As soon as they wake up, dogs take a luxurious stretch and invigorating shake to prepare their bodies for the day ahead, whether that includes hunting and running (like they evolved to do), or playing with toys and lazing about in the sun (like my dog does every day). We can learn a lot from their canine instincts: Getting the lead out first thing has benefits for humans, too.
Both stretching and working out in the morning get our blood flowing, which helps our organs (including our brains) function properly, and sends oxygen to parts of our body that might be stiff after a night of sleep. More intense movement can reduce that a.m. brain fog, while gentle exercises may awaken our “rest and digest” parasympathetic nervous system, setting us up for some calm and focused hours ahead.
A new morning workout from Charlee Atkins, trainer and founder of Le Sweat, both creates space in our bodies and activates our muscles. In this 10-minute mobility-focused workout video, Atkins zeroes in on helping your hips, spine, chest, and shoulders move throughout their full ranges of motion. To do that, she combines stretches with strengthening exercises to get the benefits of both types of movement.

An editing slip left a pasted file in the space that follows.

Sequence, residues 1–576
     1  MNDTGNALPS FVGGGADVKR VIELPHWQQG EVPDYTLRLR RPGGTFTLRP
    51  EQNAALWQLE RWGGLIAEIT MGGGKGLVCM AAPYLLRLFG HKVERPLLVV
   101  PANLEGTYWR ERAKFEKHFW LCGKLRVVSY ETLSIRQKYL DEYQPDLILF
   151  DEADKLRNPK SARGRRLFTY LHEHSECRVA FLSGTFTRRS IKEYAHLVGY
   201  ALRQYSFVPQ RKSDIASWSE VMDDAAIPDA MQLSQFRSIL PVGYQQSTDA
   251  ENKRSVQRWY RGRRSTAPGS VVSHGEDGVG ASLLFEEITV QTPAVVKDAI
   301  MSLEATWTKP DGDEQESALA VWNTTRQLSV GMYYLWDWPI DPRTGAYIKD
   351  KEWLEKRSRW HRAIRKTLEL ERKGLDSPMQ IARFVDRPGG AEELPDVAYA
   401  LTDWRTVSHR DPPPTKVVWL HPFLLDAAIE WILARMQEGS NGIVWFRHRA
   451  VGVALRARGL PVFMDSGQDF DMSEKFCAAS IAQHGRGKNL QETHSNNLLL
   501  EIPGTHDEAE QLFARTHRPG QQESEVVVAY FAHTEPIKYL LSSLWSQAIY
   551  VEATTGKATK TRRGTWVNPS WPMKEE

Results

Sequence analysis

For example, a set of isometric split squats works your lower body and increases mobility, since the position includes a front body stretch. The move you activate, the deeper the stretch.
“We’re really firing up that back glute to open up the hips,” Atkins says.
Other mobility-focused moves include windmill stretches to mobilize your shoulder joints and spine, side planks to awaken your core, and an ending set of step jacks for a little cardio burst to get your heart pumping.
And, of course, what would a morning movement session be without some downward dogs? It’s a cross-species classic for a reason.